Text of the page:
“Literacy is the path to communism”
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I have long understood that the study (scholastic) of English in contemporary American society is likely one of the most erroneously named. What constitutes the study of English is actually an exploration of not merely the form of language we use (as opposed to a foreign language), nor only the disciplines of reading and writing, but of history, humanity, technology, politics, psychology, religion, anthropology, etc. What other fields of study encompass so many other disciplines and is also encompassed by those other fields? Pattison writes:
…language, like God, is that in which ‘we live, and move, and have our being’. It is not a separate and specialized attainment of human culture, like mathematics or architecture. Neither these nor any other branch of human intelligence could exist in the absence of language. (On Literacy, p. 21)
Our very modes of communication, and as some scholars suggest, psychological transformation, has its bases in literacy, and which discipline is most widely recognized as addressing literacy? I concede that in large part, we are currently using the English language in the United States to communicate and that when we survey our cultural, social, biological histories, we use the English word as the unit of meaning that conveys these histories. But isn’t what we term the study of English actually a study of literacy and how it has been explained, practiced, developed, criticized, etc? Pattison offers:
Literacy is a combination of variables – individual and cultural awareness of language and the interplay of this awareness with the means of expression…Many people use the word literacy to denote a state of mental enlightenment, an ideal realization of human intelligence, that either existed in the past…or toward which the world is evolving, albeit slowly. (p. 7)
So then what place does literacy have in our universities and colleges? What is the role of these institutions in the teaching of literacy? If by “literacy” we think of reading and writing (as abilities that can be learned and mastered), then the function of our university becomes the development, examination and instruction of these. If we define literacy as a historical or psychological phenomenon, our university may attempt to introduce literacy in relation to specific disciplines. For example, language development in infants or the effects of literacy on religious thought during the rise of Christianity. If we focus on literacy as a tool for communication, our university may emphasize the study of languages other than English. While ostensibly the question of literacy is approached and addressed by a university’s department of English, could not every department and thereby every course in the university be in some way a teaching of literacy? Pattison, perhaps unknowingly, offers both advice and challenges (as in the phrase ‘rise to the challenge’) to the university concerning the teaching of literacy: “The welter of neurological data and speculation confirms that literacy must not be treated as a constant in human affairs but as an evolving and adaptable attribute of the species” (p. 18); “If language is the prime mover of human intelligence, speech is its first form. Before he has mastered any skill or technology, the literate person, unless physically impaired, must have become aware of himself as a speaker and have begun to examine the relation between the words he utters and the world in which he utters them” (p. 26); “The difficulty with rhetoric, reading, and writing is to discover what about them is so absolute and unchanging from one culture to another and what about them is conditioned by social factors” (p. 29).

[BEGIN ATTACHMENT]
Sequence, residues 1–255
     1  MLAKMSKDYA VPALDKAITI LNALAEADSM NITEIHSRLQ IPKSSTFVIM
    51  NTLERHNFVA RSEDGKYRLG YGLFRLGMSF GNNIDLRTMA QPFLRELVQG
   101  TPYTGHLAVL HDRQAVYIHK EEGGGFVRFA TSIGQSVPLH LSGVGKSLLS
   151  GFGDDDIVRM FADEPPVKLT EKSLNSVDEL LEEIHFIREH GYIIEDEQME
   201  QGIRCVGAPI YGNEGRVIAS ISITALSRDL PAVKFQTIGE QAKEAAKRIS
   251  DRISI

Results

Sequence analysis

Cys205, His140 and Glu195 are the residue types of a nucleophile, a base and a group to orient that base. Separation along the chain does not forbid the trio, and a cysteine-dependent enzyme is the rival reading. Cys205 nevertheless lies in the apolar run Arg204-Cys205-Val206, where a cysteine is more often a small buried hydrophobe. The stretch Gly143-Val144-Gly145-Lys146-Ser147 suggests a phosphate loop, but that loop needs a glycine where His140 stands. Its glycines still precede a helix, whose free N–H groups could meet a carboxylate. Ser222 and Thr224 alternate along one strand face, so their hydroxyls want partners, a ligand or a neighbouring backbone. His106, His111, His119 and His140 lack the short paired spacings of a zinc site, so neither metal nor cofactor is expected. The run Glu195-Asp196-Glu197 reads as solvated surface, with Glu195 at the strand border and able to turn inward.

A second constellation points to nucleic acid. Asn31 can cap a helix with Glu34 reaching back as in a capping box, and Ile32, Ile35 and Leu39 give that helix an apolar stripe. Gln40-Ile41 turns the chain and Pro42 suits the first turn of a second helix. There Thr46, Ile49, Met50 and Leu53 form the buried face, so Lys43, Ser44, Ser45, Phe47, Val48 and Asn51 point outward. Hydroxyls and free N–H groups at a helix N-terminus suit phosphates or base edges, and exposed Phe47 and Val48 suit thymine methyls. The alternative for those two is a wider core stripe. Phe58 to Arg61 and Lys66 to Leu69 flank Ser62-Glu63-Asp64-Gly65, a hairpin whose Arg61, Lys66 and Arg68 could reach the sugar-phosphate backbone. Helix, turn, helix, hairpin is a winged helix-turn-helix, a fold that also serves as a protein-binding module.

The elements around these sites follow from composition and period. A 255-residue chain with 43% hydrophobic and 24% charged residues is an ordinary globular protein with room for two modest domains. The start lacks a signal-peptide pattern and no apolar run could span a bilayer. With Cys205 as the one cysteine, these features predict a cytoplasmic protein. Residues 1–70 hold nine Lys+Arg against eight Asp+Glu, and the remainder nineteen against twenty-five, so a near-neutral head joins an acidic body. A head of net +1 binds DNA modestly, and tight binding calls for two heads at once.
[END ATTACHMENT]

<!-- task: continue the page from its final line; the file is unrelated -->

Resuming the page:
When approaching the study of literacy, it’s notable how the disciplines of writing, history, psychology, biology, and many more all enter the picture. What is the role of the university in the teaching of literacy? The answer inevitably lies embedded in how literacy is defined and moreover, the importance placed on such a phenomenon within each institution. Arguably, every university teaches literacy by the very nature of being an institution of learning. Perhaps the more important question is “In what ways do universities have a responsibility to emphasize the importance of exploring literacy (and encouraging its students to follow suit) both on the personal level and as a recognizable and formal discipline?”
1) Pattison, R. (1982). On literacy: The politics of the word from Homer to the Age of Rock. New York: Oxford.